Did I mention Ezekiel was slow? Yeah, reading it feels like every two pages should be one. But it still works! Why? Because the character development here is freaking top-notch. I mean take a look at Iris. Here’s a woman who was soul-mate in love with her husband before losing him. During the accident, he shielded her to save her, ensuring his own death in the process. She was pregnant with Joel at the time. Which means there are moments, moments she’d never admit out loud, where she wishes he would’ve lived instead of Joel. She seeks closeness from the company of other men, even though they’re gone before she wakes up. The entire town calls her a whore behind her back. She’s poor, can barely pay the bills. She ignores the one sense of community the town has – church, alienating herself even more. I mean that’s a f*cking complex character! A sympathetic character. The kind of person you want to know more about.
But what’s great about Ezekiel is that everyone has a deep backstory – specifically about someone they lost. And while in most stories, these tropes can become cliché and eye-roll worthy, here, they’re intricate parts of the plot. Because Ezekiel can speak to the dead, he can bring these figures back. The characters can resolve their issues with these ghosts. That was my favorite part about Ezekiel. People’s backstories actually mattered!
Another reason the slow-build works is that Bunin uses very simple but effective storytelling methods to keep you interested. First there’s the arrival of Ezekiel Moss. Everything about this man is interesting. You want to know more. You want to turn the page to see who he is and what he’s about.
Once you do find out, there’s a new mystery: “What are Ezekiel and Hepzibah doing here? What’s their business?” And as you gradually figure that out, a threat presents itself – the priest. People are closing in on Ezekiel. Their business is in danger (conflict). So even though everything’s moving along at a deliberate pace, Bunin seems to use just the right amount of suspense or conflict or mystery to keep us involved.
With that said, we could definitely move things along faster. Bunin has a terrible habit of commenting after every line of dialogue. And not just commenting – but giving a really detailed comment that just sucks up page real estate. For example, later in the script, Ezekiel is speaking to Iris and says, “Don’t you hope that someday you’ll get married?” Immediately afterwards we get this action line: “Ezekiel is asking this question for all kinds of reasons. Iris is deeply affected but she still keeps things light.”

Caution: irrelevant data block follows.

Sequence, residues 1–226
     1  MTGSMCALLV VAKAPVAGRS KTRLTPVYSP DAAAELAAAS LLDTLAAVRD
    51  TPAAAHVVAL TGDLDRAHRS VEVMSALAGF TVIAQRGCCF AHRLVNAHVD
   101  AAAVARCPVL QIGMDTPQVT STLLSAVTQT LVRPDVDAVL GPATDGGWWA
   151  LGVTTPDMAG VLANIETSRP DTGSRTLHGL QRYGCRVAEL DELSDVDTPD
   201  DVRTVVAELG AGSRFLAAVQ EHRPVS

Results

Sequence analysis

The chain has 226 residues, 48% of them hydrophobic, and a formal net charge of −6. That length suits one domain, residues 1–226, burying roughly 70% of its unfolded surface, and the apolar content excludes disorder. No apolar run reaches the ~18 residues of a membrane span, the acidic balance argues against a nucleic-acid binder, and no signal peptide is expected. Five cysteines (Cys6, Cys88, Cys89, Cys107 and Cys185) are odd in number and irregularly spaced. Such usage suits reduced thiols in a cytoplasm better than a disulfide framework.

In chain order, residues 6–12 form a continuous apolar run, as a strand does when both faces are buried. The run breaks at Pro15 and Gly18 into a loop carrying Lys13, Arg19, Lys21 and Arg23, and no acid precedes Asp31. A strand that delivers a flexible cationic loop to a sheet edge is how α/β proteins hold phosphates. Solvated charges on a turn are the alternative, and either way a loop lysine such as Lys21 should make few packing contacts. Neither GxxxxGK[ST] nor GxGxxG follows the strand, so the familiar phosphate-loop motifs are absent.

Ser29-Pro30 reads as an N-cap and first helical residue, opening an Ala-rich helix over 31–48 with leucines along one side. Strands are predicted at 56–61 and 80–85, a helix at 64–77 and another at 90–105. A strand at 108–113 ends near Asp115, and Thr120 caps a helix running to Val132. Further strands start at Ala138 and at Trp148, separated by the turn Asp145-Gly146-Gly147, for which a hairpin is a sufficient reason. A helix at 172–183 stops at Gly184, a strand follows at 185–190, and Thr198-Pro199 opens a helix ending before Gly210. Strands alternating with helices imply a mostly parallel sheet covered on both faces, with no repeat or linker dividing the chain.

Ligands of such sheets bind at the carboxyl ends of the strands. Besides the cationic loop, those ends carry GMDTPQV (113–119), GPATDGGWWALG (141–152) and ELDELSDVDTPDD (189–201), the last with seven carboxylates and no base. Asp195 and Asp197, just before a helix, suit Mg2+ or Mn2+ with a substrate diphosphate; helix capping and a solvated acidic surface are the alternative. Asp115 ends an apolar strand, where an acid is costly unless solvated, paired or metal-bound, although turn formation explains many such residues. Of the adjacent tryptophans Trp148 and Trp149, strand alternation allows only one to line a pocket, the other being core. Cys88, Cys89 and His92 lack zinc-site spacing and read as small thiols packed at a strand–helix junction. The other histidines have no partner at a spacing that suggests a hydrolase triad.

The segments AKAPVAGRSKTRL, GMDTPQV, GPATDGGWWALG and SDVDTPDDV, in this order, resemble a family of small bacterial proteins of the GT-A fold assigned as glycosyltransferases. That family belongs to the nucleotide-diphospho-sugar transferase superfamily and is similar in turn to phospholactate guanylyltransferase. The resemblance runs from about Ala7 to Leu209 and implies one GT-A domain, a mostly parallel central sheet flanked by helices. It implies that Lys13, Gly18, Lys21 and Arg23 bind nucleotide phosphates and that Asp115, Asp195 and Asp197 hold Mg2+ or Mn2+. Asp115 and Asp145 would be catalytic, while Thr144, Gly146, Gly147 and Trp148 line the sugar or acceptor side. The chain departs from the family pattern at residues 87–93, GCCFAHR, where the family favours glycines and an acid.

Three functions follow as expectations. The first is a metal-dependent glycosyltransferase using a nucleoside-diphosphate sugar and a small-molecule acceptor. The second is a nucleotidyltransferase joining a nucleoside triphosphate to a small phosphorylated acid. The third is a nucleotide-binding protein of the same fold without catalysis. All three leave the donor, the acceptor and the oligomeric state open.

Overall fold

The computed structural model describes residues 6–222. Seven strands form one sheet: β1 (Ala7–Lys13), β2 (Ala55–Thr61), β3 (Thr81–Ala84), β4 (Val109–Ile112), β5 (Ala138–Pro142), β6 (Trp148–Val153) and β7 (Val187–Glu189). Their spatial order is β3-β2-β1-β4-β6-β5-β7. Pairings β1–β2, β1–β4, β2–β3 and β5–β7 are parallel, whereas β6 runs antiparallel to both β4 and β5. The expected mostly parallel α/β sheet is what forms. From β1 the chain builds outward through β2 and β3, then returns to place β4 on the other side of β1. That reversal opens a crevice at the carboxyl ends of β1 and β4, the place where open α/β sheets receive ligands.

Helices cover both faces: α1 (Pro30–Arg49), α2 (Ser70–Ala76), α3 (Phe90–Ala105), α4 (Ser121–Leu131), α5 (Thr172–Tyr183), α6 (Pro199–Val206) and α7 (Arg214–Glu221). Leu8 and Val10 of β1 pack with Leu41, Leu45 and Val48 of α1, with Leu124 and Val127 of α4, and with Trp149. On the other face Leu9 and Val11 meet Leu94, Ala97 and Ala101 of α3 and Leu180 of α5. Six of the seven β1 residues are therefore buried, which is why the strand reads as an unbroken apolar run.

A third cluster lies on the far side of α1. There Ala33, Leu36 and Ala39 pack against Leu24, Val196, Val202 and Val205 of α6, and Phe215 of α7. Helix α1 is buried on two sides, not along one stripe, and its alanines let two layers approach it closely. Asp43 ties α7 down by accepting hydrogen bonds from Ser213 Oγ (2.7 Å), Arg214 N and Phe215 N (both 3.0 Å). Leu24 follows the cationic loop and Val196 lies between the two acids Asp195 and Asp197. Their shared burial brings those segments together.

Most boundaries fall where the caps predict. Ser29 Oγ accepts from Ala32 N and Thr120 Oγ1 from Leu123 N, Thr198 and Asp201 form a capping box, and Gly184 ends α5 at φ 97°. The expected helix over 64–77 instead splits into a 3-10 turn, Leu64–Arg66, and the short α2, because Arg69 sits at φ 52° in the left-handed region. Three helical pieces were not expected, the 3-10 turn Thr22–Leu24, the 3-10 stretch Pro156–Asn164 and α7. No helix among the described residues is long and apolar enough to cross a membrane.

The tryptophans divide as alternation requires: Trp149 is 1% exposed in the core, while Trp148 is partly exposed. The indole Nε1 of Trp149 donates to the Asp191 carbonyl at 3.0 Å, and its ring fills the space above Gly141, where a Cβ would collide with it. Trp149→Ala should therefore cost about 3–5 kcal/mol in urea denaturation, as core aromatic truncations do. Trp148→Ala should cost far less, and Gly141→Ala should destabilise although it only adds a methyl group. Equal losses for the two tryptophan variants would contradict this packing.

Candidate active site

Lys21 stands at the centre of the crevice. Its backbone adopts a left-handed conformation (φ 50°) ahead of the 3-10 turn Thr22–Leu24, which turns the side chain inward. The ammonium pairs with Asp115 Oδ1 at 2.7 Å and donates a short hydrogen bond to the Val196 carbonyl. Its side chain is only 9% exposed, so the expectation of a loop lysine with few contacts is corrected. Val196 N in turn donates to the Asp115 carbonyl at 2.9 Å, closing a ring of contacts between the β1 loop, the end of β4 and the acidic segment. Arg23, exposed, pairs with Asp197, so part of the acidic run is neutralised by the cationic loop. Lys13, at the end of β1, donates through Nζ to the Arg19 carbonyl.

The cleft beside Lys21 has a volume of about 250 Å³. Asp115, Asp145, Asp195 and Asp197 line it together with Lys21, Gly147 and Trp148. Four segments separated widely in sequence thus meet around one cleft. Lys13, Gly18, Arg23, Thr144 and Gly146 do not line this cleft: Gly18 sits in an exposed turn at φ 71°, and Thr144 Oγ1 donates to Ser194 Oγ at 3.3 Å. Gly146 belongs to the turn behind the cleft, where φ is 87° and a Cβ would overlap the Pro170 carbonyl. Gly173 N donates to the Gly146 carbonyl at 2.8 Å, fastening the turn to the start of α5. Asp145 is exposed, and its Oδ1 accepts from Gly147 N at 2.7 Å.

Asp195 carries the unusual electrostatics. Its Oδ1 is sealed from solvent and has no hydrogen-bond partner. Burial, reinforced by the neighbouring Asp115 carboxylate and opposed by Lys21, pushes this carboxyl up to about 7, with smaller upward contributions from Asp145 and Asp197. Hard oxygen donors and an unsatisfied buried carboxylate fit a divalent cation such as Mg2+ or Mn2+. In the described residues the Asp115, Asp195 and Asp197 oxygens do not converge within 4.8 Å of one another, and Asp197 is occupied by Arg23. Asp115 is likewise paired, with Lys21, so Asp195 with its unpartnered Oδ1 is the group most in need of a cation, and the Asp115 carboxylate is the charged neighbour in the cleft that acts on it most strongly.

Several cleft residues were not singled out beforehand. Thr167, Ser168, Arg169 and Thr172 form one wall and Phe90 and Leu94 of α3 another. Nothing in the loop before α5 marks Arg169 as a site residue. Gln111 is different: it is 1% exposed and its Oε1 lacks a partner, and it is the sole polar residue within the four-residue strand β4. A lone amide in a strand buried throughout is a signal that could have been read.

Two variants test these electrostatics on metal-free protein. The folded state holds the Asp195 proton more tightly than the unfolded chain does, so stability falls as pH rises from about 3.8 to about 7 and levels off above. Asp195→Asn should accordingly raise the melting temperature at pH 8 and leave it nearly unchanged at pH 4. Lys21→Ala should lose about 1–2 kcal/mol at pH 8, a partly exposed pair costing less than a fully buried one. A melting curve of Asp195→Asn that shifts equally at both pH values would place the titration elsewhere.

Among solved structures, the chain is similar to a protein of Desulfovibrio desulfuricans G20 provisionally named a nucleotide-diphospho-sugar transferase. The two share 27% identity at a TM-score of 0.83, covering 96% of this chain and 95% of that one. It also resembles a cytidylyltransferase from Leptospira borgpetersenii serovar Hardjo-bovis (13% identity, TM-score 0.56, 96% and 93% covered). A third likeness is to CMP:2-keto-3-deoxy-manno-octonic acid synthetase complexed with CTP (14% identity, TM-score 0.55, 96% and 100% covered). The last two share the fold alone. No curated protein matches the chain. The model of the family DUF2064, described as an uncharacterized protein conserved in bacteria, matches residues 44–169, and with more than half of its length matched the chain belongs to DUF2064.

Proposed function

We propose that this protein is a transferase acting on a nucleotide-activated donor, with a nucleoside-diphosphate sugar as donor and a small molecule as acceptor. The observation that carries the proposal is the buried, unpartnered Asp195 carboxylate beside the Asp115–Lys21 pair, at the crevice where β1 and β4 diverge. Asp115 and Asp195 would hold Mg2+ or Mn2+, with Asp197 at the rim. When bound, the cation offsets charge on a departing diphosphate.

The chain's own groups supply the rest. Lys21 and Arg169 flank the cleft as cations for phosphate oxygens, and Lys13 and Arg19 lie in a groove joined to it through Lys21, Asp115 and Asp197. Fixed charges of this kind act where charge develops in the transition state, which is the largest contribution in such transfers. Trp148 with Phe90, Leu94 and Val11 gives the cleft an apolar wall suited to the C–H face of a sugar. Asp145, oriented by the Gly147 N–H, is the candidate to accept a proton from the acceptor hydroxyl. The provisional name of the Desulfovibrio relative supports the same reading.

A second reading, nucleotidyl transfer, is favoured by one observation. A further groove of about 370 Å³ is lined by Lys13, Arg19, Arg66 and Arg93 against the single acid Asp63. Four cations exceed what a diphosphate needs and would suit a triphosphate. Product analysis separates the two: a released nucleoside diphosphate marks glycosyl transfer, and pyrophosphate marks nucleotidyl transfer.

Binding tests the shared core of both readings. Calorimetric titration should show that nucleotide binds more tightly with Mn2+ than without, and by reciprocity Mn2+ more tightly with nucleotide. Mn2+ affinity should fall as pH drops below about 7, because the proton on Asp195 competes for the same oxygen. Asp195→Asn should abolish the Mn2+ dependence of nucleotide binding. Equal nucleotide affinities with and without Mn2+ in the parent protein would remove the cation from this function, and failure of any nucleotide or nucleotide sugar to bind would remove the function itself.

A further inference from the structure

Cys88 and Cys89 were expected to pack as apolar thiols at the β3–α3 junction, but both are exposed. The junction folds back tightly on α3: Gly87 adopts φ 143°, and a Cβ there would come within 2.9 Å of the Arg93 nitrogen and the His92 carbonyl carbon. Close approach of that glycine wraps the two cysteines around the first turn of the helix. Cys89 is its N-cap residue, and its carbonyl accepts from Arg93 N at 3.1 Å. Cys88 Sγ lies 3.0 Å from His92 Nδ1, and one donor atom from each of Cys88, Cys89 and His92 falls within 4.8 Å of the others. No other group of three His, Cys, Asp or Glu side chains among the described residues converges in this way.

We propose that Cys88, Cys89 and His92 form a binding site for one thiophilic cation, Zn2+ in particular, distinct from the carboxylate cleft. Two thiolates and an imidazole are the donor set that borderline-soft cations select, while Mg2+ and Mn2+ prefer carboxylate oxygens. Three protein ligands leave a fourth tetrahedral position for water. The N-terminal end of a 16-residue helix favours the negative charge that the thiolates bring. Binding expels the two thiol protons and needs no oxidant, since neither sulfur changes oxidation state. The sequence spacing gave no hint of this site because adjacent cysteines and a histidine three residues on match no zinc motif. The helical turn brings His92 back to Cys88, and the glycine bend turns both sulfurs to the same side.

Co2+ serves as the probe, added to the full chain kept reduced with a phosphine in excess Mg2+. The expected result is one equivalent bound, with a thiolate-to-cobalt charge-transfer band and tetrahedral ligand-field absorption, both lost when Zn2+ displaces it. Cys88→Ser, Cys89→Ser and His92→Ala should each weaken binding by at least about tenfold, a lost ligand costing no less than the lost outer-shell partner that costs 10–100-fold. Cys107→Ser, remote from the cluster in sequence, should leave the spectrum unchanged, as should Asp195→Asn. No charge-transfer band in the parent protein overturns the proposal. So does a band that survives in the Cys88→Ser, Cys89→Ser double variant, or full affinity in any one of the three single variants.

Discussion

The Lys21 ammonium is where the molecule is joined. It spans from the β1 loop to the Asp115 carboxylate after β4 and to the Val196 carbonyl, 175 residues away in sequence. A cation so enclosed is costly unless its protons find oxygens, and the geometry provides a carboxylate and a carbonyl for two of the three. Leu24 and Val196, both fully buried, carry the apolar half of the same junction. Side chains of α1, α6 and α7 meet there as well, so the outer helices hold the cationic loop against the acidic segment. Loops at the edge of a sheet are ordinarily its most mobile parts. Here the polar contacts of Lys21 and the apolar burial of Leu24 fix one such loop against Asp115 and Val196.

I mean, just get to Iris’ response! That entire action line has already been implied. This is done ENDLESSLY throughout the script and if Bunin could cut out 75% of these lines, the script would fly. Right now, it’s in danger of being tossed because of Hollywood’s ADD epidemic. And that’s too bad. Because it’s a very powerful story.
For those interested in writing supernatural/horror movies, Ezekiel Moss is a good script to study. The character development is top notch. BECAUSE it’s top notch, the dialogue’s strong (a great understanding of character usually results in strong unique dialogue for each character). And then everything just feels authentic – not easy to do when you’re setting your story 80 years ago. I really liked this. Speed it up a little and maybe we have something great.
[ ] what the hell did I just read?
[ ] wasn’t for me
[xx] worth the read
[ ] impressive
[ ] genius
What I learned: Beware character descriptions that contradict themselves. I see this all the time for some reason. “Joe is intelligent yet a bit of an imbecile.” “Linda is one of those people who’s both happy and miserable.” Uhhh, what does that mean? Which one am I supposed to go with? Remember, writing a character description is not about it reading cool on the page – it’s about conveying the character as clearly as possible to the reader. So here in Ezekiel, Iris is described as having a “winning mixture of toughness and fragility.” I suppose you can make an argument that this makes sense but to me it’s just confusing. All I want to know is “Who is this character?” And that line doesn’t tell me. Go for clear. Readers like clear.